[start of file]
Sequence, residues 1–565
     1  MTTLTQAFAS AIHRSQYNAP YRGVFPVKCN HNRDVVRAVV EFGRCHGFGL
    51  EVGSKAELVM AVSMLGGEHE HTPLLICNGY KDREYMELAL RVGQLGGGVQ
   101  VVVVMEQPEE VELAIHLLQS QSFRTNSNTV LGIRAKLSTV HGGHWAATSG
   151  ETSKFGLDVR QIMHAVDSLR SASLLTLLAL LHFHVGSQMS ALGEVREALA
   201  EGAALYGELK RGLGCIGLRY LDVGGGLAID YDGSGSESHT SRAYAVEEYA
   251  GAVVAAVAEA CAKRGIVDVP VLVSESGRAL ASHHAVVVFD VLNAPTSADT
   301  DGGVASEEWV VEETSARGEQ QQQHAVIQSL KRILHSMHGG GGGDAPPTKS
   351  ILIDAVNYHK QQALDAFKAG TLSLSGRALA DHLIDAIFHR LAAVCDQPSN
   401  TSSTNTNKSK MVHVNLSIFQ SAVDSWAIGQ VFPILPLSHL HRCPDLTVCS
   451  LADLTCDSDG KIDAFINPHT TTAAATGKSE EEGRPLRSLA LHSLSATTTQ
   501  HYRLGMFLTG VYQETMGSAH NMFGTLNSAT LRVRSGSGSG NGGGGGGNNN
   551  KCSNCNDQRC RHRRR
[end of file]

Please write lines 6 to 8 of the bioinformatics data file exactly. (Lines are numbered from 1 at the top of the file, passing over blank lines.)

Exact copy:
   201  EGAALYGELK RGLGCIGLRY LDVGGGLAID YDGSGSESHT SRAYAVEEYA
   251  GAVVAAVAEA CAKRGIVDVP VLVSESGRAL ASHHAVVVFD VLNAPTSADT
   301  DGGVASEEWV VEETSARGEQ QQQHAVIQSL KRILHSMHGG GGGDAPPTKS